Sat | Jun 12, 2021

Garth Rattray | Testing for COVID-19

Published:Monday | April 12, 2021 | 12:08 AM

Testing for COVID-19 is essential. In a perfect system, testing would be widespread, and free. That way, we could hunt down the virus, get ahead of it and block its transmission; instead, we are mostly chasing behind and documenting the disease. Hunting down the virus takes the kind of financial, technical, and logistical resources that we simply do not possess. So, we do what we can with what we have.


The antibody test: Our immune system produces antibodies to fight off infections. Antibodies take several weeks to develop and, in the case of COVID-19, they seem to last for probably about six months. A positive antibody (blood) test only tells you if the subject was previously exposed to COVID-19. It does not indicate current or even recent infection. Therefore, it should not be used to ascertain the infectivity status of anyone. The antibody test would be useful if there were a need to know if a previously infected individual still possessed antibodies to COVID-19. I suppose that it may come in handy to determine the effectiveness and/or longevity of the vaccination.

The antigen (rapid) test: This is by far the most popular COVID-19 test for several reasons; it is far less expensive and much faster than the PCR test for COVID-19. It can be done in regular medical practices and clinics, and there is no need for specialised technical training to conduct it. They utilise nasal swabs and a test kit. The results may be had in as little as 30 minutes.

The rapid antigen test is very useful but needs a fairly high viral count to be credible, and therefore, it also needs an appreciable lag time to be taken seriously. It is best done if the patient has symptoms. The test is pretty specific in that, if it comes back as positive, it most likely is accurate. However, even in sick patients, if it comes back as negative, it is not to be trusted and a PCR test must be performed. As always, because there may be false results, the history and clinical presentation are important.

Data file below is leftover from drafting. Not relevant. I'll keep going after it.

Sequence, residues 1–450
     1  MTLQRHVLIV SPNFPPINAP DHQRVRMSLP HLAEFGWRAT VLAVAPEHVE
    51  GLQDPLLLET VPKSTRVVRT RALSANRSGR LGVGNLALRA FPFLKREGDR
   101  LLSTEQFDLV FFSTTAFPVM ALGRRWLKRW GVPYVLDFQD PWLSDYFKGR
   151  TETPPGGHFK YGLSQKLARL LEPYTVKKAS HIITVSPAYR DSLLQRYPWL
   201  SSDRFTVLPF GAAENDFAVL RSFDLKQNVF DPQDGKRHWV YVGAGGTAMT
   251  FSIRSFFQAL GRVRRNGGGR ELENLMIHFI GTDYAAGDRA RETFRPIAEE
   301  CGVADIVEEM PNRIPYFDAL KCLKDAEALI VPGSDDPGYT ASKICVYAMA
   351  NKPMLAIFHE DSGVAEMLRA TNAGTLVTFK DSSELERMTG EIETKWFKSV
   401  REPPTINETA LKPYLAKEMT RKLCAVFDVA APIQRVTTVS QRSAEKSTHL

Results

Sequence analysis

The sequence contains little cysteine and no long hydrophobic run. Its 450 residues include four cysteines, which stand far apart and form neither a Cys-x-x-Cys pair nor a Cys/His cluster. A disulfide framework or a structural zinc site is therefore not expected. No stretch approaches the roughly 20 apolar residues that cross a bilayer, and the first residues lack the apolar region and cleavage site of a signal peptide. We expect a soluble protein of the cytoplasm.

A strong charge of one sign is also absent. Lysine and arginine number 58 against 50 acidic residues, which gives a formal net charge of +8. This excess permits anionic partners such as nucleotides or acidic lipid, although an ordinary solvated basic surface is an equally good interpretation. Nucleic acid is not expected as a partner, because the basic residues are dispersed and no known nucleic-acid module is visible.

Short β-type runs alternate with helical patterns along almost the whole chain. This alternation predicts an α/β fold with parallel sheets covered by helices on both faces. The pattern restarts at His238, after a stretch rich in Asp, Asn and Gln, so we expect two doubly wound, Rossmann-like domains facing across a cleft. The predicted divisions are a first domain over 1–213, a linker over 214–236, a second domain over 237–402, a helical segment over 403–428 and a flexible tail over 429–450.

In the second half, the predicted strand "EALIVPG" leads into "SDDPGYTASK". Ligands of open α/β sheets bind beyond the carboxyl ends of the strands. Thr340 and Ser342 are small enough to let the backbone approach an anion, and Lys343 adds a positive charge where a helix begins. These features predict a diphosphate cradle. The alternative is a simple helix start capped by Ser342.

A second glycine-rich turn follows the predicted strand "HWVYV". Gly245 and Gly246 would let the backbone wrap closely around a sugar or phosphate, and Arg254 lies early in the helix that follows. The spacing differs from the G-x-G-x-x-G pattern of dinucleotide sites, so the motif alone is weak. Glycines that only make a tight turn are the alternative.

The PCR test: This is the gold-standard test for COVID-19. It utilises nasal and/or throat swabs, but the testing equipment is very technical, complex, and very expensive. The results take many hours to a few days to be ready. It is highly sensitive and very specific. Because of these things, it is very believable and trusted.


The test can be wrong; in order to minimise errors, it should be properly timed. It takes about a week after exposure (give or take a day or two) for the virus to become detectable in our upper airways. Performing the PCR test a few days after exposure will probably yield a false, negative result. At the other end of the disease, the PCR test can detect viral fragments many days to many weeks after our bodies have cleared the virus and are no longer infected or infectious.

Because of this, there is no longer a need to have two negative COVID-19 PCR tests before being deemed virus-free. After 14 days (including three consecutive days with no symptoms attributable to COVID-19), patients may resume their normal activities. The exception is for moderate and severe cases.

My current disquiet with testing is the failure of many people to realise that the antigen (rapid) test is fallible, the average individual believes that a negative rapid test means that they are okay – this may not be the case. I am also peeved at the affordability of the PCR test and the difficulty associated with getting results from some major testing centres. When not contacted, many wrongly assume that all is well; they go along their merry way and could be spreading the disease, with devastating consequences. Learn about whatever test you are required to do, know its limitations, and always get the results before deciding your next move.

Garth A. Rattray is a medical doctor with a family practice. Email feedback to and